Child Abuse

  • An estimated 2,815,600 children are harmed or endangered by their caretakers annually
  • Bruises and Fractures are the most common injuries seen with abuse, but also occur frequently from accidents (I’ve certainly seen more accidental bruises and broken bones than abusive… is there any clear clues that can help distinguish the two?)
  • As with everything in Pediatrics, the history and the age of the child are important factors to consider.
    • Developmental abilities certainly play a role regarding what is and isn’t possible.
    • The youngest (<3yrs) are most likely to be physically abused, with children <1yr having the highest rate of abuse in the US.


  • The pattern of bruising is important (see attached diagram from Macguire)
  • The presence of petechiae associated with the bruise is a strong predictor of abusive injury (their absence does not rule it out). So look closely!


  • No fracture is pathognomonic of abuse (again, what I was taught is wrong… spiral fractures can happen from accidents)
    • Some are suggestive:
      • Spinal fx
      • Digital fx
      • Complex skull fx
      • Spiral Long Bone fx
      • Scapular fx
      • Sternal fx
      • Metaphyseal fx
      • Periosteal separation
    • Some are more specific
      • Rib fx (anterior, lateral, or posterior)
      • Acromioclavicular Fx
      • Multiple fxs of different ages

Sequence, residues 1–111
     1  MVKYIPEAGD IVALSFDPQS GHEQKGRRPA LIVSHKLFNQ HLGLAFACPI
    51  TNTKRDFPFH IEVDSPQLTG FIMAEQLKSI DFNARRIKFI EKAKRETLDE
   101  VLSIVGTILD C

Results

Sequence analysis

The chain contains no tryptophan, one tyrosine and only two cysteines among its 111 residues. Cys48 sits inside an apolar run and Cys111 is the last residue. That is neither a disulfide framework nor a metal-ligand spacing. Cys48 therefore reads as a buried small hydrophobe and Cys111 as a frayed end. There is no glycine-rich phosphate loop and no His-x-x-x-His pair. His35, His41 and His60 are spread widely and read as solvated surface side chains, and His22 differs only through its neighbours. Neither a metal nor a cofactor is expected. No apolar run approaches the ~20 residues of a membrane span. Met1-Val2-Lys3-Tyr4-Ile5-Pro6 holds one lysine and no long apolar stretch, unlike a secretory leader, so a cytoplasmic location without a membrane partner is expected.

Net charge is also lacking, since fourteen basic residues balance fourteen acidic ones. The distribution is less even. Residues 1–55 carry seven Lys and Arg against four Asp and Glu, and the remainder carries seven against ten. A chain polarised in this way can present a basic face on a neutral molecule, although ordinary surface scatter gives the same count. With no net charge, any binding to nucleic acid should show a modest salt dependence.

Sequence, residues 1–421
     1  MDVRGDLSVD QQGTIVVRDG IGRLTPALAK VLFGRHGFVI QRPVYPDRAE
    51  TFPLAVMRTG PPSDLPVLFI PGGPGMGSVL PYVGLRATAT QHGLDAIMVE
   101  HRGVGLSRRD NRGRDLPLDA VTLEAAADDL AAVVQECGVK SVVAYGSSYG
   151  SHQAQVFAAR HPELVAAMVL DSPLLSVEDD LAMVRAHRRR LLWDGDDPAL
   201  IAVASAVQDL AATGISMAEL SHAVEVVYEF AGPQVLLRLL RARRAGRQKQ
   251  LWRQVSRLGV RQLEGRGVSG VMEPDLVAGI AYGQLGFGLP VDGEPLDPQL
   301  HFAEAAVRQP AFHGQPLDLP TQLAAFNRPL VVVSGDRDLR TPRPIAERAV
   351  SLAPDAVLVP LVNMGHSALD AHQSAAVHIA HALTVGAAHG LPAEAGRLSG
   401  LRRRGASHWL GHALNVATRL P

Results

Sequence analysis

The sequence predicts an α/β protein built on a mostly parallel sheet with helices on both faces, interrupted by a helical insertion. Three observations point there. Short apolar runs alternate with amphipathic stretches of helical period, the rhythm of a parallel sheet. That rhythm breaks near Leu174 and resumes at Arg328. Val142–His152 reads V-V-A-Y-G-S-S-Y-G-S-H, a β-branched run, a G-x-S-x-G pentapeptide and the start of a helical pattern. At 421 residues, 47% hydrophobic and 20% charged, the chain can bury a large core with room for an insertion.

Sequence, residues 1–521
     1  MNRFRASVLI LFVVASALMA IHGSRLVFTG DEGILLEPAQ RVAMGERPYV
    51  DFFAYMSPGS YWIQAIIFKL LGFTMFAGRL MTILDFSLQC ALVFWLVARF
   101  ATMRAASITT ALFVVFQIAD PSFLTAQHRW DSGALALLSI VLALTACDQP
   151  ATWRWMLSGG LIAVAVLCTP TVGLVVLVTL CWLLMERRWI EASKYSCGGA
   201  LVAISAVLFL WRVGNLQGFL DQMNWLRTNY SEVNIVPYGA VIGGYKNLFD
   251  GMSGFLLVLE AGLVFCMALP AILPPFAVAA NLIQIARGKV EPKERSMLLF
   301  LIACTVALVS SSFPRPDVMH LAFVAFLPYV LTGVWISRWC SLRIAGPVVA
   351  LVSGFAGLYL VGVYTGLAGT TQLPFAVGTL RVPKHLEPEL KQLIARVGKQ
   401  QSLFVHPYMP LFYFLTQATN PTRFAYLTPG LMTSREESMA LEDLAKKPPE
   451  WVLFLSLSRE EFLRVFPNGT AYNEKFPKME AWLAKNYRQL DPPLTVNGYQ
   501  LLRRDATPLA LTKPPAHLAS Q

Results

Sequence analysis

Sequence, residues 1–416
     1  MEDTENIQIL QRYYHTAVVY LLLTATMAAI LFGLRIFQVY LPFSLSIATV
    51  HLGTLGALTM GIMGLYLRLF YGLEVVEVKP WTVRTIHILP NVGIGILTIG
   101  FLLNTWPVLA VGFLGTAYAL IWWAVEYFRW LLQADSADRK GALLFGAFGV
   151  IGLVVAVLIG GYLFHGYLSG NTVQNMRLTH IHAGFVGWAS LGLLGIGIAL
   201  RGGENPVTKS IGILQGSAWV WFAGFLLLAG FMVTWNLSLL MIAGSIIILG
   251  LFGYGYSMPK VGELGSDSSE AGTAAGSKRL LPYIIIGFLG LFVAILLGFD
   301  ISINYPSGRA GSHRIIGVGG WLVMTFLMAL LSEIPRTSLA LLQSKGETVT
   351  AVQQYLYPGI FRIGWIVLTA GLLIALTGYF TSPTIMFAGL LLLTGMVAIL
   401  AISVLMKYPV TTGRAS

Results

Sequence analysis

Make sure you document specifics to assist other practitioners later: fall height, weight of child, surface composition, and how the child was oriented upon impact (pretend that you are a forensic officer on CSI).

Maguire, S. Which Injuries may indicate child abuse? Arch Dis Child Educ Pract Ed 2010;95:170–177.

C Y Skellern, D O Wood, A Murphy, M Crawford (2000). Non-accidental fractures in infants: Risk of further abuse. Journal of Paediatrics and Child Health 36 (6), 590–592.

K. Nimkin, P. Kleinman. IMAGING OF CHILD ABUSE. Radiologic Clinics of North America, Volume 39, Issue 4, Pages 843-864

Sean M. Fox
Sean M. Fox

I enjoy taking care of patients and I finding it endlessly rewarding to help train others to do the same. I trained at the Combined Emergency Medicine and Pediatrics residency program at University of Maryland, where I had the tremendous fortune of learning from world renowned educators and clinicians. Now I have the unbelievable honor of working with an unbelievably gifted group of practitioners at Carolinas Medical Center. I strive every day to inspire my residents as much as they inspire me.

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